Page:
Ben received his Bachelor’s Degree in Communication Studies from UNC-Wilmington and hit the ground running. Starting off as a production assistant at WECT-TV 6 in Wilmington, NC, Ben quickly worked his way up to Weekend Anchor. He earned several awards for broadcast excellence from the Radio Television Digital News Association during his time there. He is now the Multi-Media Journalist for News 2.
I recently caught up with Ben to discuss his time at Oak Hill Academy and the impact he feels that has had on his life.
What have been the lasting benefits of Oak Hill Academy?
Looking back, I know I developed several character traits there. Character, integrity, discipline and respect – just to name a few. I was pretty direction-less when I arrived in 8th grade. Being part of a close-knit community allowed me to grow.
Now that you have some perspective, what makes OHA special?
It’s special because the teachers there really care about you. Everyone from Administrators to dorm parents really want you to succeed. All a student needs is the effort because you have the resources and support – and you leave with a huge reward…your dignity (and a meaningful diploma!)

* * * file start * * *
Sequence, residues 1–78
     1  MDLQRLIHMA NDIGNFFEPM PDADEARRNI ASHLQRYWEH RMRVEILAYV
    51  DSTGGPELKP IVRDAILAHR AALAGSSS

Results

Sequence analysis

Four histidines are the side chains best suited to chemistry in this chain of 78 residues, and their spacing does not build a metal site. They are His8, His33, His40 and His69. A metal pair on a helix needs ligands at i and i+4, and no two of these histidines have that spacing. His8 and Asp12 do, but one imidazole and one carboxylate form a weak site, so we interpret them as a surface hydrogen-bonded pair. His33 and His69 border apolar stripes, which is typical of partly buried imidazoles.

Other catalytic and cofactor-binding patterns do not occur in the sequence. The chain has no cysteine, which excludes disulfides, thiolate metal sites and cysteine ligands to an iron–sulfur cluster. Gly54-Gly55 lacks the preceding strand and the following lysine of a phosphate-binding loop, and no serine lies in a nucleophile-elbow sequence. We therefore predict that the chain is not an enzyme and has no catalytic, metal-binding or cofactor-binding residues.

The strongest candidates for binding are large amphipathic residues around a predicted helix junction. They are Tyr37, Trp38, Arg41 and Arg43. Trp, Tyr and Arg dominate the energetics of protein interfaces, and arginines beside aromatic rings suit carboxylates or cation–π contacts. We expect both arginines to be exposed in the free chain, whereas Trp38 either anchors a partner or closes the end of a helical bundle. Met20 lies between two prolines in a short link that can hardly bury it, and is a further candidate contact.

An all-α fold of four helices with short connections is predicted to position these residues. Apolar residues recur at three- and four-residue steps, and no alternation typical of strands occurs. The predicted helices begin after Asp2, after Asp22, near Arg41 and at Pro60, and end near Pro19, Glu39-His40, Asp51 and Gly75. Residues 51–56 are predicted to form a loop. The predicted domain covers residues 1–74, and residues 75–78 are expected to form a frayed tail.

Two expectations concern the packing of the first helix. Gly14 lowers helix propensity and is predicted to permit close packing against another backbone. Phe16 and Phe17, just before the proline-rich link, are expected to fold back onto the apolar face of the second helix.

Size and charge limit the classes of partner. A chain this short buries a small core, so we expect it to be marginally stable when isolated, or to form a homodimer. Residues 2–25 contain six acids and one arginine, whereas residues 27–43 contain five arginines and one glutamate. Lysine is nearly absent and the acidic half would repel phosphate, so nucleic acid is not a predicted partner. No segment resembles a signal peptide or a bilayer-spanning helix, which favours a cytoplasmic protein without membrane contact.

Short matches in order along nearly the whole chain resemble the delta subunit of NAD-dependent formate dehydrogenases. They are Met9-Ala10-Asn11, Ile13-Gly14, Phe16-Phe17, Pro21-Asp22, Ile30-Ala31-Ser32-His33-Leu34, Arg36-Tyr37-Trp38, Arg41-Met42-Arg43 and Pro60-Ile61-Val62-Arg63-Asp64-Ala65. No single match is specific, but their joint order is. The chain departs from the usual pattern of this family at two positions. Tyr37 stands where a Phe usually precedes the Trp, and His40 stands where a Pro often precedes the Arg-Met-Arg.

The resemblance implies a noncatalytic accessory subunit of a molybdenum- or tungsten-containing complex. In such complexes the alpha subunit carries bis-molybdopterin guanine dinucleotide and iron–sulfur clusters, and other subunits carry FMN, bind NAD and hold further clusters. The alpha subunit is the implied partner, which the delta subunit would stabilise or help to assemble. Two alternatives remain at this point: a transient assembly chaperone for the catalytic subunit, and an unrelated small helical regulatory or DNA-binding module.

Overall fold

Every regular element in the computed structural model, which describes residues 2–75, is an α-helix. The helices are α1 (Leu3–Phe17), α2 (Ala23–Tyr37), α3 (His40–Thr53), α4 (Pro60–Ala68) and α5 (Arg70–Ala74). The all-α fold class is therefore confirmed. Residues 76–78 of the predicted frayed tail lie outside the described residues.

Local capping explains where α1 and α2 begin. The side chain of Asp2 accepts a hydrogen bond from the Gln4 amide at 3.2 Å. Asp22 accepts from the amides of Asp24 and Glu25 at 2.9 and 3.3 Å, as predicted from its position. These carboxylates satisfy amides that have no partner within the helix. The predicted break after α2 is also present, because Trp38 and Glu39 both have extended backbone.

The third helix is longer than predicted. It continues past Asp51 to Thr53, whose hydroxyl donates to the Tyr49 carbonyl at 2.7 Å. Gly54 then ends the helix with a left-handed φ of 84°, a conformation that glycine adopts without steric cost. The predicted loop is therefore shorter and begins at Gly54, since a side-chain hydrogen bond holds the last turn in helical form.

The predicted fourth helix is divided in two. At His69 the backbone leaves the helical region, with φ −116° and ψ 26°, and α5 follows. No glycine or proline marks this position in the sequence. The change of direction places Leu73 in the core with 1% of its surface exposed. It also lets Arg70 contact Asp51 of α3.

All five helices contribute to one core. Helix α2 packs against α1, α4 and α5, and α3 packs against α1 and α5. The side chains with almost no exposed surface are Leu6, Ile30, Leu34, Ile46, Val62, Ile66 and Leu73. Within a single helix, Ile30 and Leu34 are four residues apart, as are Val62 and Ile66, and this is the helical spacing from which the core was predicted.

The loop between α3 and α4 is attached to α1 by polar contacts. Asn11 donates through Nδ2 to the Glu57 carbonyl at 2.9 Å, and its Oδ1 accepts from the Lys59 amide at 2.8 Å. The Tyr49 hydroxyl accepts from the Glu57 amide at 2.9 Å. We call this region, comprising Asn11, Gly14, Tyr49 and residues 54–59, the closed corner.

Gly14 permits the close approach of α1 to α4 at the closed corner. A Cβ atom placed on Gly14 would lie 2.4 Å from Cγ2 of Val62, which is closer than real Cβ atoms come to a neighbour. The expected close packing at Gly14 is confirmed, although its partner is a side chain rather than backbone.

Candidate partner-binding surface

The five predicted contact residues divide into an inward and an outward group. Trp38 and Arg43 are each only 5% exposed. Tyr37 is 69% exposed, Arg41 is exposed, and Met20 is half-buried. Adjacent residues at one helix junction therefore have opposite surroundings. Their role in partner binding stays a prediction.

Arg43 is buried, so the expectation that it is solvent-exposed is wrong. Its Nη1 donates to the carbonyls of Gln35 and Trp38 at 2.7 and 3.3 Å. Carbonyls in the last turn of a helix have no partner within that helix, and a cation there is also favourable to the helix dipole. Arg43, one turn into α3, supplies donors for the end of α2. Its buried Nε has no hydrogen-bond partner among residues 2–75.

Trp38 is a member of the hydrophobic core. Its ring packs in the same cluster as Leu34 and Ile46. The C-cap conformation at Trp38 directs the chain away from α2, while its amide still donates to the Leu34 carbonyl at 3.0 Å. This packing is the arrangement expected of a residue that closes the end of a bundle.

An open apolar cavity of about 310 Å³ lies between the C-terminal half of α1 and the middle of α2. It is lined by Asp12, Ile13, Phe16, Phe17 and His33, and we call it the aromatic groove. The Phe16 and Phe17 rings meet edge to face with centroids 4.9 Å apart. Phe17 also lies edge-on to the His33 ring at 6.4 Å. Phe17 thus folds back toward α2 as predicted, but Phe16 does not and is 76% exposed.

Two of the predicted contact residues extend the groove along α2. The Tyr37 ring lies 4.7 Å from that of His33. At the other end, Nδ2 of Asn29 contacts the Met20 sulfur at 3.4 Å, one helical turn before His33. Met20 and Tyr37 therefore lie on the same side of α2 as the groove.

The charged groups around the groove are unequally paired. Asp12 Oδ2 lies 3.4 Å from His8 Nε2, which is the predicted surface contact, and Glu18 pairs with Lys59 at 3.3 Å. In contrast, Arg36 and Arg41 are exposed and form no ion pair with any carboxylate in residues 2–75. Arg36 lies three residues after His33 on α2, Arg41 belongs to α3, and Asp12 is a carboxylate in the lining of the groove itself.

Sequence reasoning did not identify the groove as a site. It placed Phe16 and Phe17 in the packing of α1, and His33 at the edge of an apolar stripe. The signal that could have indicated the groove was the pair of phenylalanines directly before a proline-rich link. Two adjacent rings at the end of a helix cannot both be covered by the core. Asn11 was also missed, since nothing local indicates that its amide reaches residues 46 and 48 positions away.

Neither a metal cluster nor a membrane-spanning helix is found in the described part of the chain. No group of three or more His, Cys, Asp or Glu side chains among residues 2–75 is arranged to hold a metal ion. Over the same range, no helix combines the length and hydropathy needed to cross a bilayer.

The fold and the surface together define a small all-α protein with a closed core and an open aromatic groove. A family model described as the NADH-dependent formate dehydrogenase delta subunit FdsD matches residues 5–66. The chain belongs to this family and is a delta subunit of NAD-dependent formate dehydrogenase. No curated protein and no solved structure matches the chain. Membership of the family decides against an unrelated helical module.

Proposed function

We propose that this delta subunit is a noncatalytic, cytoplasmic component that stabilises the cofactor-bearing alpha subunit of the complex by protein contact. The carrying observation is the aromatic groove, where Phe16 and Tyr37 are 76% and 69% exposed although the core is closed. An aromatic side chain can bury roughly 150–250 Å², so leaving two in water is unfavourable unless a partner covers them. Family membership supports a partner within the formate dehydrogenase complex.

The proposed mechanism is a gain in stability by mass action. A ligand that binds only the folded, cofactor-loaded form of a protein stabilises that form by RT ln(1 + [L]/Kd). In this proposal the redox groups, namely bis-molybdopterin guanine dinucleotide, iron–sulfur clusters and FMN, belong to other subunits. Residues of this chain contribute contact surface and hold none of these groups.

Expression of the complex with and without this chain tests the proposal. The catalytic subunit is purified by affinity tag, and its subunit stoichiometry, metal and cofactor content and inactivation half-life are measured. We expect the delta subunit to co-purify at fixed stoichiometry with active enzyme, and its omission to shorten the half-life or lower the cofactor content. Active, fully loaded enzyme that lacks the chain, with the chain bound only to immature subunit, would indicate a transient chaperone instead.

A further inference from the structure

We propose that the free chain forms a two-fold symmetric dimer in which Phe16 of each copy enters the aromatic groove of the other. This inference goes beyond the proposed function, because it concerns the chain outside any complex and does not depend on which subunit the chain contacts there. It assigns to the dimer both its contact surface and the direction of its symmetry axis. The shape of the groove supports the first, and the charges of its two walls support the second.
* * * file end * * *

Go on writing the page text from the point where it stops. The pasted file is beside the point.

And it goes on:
Would you recommend Oak Hill Academy to prospective families with a student like you were?
I would definitely recommend this experience. Although it is a huge lifestyle change and it does take some getting used to things like Saturday school and cell phone restrictions, in the end it is so worth it. You’ll never forget the things you learn about yourself and the relationships you form there.
From your bio, I see that you’ve done some pretty cool things in reporting, from interviews with convicted killers to A-list celebrities. What’s the coolest thing you’ve done in the job?